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    Is there any major difference with an 8 speed 105 short cage? I've got a 28 on there now and no problems but am going up to Colorado at the end of the month for the BTC, and might like having a few more gears, I've got a compact crankset, but not enough money to upgrade to a tripple...I've been climbing some really big hills here, and have survived, but am concerned about back to back days with REALLY large climbs. What do you think cyc? i've seen you post on here a lot and you seem to know your stuff, should I try a 32?

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    semifreddo amartuerer 'nother's Avatar
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    Quote Originally Posted by trekking_TW
    Wondering what the largest cassette I can use with my Ultegra triple R.D. and triple crankset. I'm preparing to do some serious climbing and want more than a triple with a 12-26 cassette. Can I use up to a 32 tooth cassette without changing the rear der. since it's already a long cage?
    Cage length does not correspond to largest cog. Largest cog capacity is determined by the RD's parallelogram design/length. That is the main difference between "mountain" and "road" RD's. Long cage/short cage corresponds to the difference of chainrings, e.g. how much chain the RD needs to absorb going from the largest chainring to the smallest (this is known as "takeup capacity"). It just so happens that most mountain bikes come in triple configuration, and that's where cage length comes into play.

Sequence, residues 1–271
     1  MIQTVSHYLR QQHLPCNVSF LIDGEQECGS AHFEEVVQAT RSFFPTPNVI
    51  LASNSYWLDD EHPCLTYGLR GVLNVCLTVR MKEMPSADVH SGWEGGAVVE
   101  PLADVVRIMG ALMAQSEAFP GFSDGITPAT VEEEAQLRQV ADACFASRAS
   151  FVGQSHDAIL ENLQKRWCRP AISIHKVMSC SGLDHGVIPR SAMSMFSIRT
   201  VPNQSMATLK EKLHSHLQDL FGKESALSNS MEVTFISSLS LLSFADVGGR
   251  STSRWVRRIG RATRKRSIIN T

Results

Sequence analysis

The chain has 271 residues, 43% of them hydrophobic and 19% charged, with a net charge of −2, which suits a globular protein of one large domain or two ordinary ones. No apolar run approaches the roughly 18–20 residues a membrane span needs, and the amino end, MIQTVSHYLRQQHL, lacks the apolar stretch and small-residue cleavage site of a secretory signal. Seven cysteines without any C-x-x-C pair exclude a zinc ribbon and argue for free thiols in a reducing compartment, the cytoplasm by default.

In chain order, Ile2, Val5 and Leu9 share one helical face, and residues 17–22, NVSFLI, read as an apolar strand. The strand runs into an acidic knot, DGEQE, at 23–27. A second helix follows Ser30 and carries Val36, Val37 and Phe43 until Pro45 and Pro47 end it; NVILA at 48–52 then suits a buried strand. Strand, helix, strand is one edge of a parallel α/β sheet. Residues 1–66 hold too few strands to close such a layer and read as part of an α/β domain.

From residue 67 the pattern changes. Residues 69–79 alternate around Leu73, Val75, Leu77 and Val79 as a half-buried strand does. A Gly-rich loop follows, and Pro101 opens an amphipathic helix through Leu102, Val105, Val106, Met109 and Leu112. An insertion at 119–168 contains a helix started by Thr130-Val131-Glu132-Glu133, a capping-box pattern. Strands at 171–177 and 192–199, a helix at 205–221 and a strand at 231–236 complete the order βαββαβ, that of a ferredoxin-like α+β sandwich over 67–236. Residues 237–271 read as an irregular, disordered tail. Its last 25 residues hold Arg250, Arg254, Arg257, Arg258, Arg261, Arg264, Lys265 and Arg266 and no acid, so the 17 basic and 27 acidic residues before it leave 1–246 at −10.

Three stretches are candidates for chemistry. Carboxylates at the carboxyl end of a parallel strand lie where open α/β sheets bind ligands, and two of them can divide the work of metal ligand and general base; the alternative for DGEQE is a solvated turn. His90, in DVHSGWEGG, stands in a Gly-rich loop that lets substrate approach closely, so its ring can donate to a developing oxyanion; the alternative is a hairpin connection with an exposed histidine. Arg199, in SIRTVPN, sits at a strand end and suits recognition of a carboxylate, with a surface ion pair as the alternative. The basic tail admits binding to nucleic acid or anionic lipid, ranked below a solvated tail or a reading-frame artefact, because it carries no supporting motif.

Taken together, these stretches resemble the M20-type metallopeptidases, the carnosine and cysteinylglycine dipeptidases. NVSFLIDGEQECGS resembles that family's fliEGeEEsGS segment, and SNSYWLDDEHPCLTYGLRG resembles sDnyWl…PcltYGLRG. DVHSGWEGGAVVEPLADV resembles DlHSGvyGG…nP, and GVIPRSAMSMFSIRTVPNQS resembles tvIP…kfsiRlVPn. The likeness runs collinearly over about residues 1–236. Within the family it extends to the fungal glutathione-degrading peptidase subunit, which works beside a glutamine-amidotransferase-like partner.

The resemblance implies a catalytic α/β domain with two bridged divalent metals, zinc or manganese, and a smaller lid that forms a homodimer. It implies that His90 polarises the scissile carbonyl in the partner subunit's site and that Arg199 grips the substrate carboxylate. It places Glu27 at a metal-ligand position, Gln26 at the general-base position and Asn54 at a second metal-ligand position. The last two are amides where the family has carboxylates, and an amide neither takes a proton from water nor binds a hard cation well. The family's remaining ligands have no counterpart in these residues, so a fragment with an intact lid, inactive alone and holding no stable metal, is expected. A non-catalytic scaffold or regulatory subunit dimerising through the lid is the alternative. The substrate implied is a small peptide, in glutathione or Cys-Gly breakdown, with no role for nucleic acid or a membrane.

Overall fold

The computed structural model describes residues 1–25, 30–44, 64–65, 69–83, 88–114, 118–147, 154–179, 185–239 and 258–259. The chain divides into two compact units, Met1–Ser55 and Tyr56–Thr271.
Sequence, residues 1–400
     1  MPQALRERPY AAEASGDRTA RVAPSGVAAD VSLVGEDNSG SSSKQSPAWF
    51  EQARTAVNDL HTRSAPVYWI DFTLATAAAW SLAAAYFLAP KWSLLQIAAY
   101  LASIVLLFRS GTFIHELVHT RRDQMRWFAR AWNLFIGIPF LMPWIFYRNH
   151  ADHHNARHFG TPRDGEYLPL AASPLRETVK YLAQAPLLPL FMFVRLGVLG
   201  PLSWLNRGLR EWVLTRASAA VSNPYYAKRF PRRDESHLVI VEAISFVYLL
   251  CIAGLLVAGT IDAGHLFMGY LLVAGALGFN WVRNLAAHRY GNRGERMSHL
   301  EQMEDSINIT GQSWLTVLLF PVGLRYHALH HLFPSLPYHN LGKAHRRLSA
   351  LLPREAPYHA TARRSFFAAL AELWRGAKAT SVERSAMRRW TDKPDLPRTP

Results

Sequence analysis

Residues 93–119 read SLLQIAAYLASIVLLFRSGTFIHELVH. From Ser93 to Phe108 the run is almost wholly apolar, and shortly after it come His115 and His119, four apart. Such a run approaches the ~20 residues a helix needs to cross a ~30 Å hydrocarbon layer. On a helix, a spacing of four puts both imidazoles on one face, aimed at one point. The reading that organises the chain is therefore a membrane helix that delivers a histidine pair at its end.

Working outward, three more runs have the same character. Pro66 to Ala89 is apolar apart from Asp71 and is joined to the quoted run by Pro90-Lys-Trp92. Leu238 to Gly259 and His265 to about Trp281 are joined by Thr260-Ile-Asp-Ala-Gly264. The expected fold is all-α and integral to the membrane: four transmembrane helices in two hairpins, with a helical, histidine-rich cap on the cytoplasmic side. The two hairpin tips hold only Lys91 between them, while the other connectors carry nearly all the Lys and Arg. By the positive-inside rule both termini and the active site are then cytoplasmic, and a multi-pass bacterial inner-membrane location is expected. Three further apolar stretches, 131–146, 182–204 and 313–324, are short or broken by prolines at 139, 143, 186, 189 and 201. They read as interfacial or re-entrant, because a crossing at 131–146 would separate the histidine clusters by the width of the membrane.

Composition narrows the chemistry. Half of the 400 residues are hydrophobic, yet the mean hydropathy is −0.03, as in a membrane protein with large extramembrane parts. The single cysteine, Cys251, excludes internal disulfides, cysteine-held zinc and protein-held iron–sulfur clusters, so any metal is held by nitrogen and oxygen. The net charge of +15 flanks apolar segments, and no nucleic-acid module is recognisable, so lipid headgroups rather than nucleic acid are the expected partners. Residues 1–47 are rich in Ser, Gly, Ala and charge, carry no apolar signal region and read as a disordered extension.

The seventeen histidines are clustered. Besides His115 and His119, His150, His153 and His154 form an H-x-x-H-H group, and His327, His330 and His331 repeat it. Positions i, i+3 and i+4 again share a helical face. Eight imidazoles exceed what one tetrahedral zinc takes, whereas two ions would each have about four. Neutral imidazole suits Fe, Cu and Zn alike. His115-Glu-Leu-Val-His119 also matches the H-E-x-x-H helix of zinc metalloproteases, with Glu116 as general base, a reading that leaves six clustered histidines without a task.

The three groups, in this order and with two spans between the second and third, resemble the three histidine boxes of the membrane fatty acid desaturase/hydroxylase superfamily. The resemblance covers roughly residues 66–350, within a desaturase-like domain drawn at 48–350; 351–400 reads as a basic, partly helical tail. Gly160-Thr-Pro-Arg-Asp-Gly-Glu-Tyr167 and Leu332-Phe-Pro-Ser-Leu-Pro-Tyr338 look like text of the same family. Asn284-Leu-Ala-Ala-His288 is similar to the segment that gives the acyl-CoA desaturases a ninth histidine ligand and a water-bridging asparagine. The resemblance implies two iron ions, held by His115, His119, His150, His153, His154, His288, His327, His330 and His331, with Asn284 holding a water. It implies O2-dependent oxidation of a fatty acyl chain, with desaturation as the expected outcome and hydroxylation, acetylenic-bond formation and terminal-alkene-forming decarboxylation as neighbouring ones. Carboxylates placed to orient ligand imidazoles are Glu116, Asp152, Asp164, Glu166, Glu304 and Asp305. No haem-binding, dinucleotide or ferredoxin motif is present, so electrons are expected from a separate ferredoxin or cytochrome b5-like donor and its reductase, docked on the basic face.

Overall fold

Anyway, as for your specific case: I would try the 32T cassette. It might work. You'll need to adjust the B-tension screw on your RD so that the pulley wheels do not rub against the largest cog (which will cause premature wear on the pulley, chain, and cogs). If you can make that work, you're all set. I've heard of it happening; depends on your frame (dropout orientation/shape/etc.). There is a good article by Sheldon Brown on how to do this at http://sheldonbrown.com/derailer-adjustment.html#rear

    If it doesn't work, you can pick up a mountain RD for relatively cheap (~$50 for Deore quality which is on par with 105 or so).

    Biggest issue may be finding the cassette itself. If you have 10s, you are probably out of luck for finding a cassette with larger than a 28T (at least, not yet...we keep hearing that Shimano will have 10s "mountain" stuff out RSN). You could make your own with loose cogs and 10s spacers. 9s 34T cassettes are plentiful though.